Similarly, Moscow remains conspicuously silent about US President Obama’s decision to deploy a more dispersed network of mobile interceptors as a substitute for the scrapped third site of the National Missile Defense in Europe. The Russian leadership is quite likely to oppose Washington’s efforts to continue deploying missile defenses in and beyond Europe, which will further affect and complicate relations between Russia and the West. Furthermore, and perhaps more ominously, as the next presidential election in Russia is slated for 2012, Moscow may be tempted to play a nationalist card and adopt more demanding – or even hostile – policies towards the West in hope of shoring up domestic support. (photo: Atlantic Council)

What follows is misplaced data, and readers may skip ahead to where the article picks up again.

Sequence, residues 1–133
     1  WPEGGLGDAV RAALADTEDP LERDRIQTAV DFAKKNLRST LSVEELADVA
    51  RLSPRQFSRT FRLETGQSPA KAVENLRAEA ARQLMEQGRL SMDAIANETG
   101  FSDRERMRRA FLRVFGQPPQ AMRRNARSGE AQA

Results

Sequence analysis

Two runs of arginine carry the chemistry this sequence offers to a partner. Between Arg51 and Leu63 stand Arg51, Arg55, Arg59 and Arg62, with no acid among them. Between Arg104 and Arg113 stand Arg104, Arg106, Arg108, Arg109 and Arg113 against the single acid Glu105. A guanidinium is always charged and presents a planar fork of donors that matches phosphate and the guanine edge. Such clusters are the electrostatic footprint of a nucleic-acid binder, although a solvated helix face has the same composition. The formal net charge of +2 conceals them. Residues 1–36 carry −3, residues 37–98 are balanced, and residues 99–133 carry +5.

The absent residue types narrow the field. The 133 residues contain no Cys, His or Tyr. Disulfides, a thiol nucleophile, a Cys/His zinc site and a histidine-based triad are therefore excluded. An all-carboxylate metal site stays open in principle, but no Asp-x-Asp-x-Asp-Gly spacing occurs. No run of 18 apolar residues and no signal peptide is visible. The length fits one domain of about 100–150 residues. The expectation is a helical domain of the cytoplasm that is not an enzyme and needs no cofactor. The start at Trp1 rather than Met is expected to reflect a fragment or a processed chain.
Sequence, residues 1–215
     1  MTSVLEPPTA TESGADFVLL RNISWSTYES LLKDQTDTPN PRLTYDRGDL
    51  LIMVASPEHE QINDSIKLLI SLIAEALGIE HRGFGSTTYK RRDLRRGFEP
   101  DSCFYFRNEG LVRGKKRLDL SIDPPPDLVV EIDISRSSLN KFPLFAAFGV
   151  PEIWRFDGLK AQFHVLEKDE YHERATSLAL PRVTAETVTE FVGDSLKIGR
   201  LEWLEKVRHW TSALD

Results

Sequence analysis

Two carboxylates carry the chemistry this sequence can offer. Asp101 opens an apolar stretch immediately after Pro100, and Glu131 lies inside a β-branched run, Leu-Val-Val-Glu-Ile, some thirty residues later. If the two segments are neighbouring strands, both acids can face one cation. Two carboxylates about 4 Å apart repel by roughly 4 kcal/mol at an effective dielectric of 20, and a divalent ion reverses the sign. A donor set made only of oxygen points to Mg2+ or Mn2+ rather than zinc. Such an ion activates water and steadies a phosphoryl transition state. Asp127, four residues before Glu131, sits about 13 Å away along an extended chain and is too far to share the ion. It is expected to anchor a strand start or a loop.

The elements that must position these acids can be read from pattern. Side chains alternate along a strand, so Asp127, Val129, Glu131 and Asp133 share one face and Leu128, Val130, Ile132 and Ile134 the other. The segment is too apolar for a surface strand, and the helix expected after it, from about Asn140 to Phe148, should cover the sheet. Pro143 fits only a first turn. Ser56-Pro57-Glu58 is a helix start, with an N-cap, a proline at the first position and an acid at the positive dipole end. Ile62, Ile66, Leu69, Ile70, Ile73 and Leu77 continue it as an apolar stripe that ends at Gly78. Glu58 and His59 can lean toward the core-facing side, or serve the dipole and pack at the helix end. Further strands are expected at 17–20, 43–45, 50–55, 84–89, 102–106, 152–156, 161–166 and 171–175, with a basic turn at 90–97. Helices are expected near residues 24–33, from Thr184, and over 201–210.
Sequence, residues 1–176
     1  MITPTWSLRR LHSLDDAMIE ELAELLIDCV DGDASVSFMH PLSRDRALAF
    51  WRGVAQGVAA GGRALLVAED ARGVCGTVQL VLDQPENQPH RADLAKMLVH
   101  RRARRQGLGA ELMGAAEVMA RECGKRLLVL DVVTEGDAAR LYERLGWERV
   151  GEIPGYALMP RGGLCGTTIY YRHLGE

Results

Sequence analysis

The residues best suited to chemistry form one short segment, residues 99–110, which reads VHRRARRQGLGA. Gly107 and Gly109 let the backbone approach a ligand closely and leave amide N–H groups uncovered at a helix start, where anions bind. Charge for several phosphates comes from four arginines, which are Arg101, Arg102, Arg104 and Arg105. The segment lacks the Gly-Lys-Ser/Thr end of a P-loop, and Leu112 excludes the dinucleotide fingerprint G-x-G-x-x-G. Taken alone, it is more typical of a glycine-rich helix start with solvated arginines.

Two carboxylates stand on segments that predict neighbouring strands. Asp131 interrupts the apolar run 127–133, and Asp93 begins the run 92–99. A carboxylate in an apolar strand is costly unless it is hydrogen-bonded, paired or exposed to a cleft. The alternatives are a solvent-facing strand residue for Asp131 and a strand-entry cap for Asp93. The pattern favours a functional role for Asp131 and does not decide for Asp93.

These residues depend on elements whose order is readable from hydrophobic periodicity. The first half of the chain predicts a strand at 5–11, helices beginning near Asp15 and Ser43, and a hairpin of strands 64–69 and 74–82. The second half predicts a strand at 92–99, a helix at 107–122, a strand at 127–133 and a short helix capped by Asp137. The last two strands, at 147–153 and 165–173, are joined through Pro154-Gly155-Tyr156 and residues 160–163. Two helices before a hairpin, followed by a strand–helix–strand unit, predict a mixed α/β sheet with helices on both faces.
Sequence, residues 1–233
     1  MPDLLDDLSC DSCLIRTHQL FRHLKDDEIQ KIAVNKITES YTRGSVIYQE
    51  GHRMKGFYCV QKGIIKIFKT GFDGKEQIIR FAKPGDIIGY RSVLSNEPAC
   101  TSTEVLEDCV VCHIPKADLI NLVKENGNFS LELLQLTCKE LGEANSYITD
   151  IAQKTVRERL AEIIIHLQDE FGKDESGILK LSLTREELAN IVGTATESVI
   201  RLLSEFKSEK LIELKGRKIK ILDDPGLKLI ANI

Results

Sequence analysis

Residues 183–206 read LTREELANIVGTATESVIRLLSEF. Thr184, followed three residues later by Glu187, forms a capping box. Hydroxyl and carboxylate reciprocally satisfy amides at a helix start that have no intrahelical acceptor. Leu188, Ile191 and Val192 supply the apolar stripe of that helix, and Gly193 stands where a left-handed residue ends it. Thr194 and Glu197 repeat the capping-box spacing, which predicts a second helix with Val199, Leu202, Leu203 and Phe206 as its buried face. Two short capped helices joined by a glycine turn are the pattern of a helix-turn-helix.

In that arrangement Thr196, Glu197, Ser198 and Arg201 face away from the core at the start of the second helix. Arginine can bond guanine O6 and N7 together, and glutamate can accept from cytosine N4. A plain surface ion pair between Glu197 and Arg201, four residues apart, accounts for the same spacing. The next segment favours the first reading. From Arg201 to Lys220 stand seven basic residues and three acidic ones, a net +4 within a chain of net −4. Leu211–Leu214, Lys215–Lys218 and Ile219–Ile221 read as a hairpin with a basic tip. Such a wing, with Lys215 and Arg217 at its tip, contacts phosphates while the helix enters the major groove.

From the Atlantic Council: The fact is that the window of opportunity for the Alliance and Russia to sort out their differences may be slowly but surely closing. Although further NATO enlargement has been put on a back burner, the pledge made by the Alliance leaders at the Bucharest summit last year states that Ukraine and Georgia should eventually be able to obtain membership. In many ways this constitutes a significant fault line in NATO-Russia relations, which are further exacerbated by the potential renewal of tensions on Georgia’s borders and/or in Ukraine’s Crimea.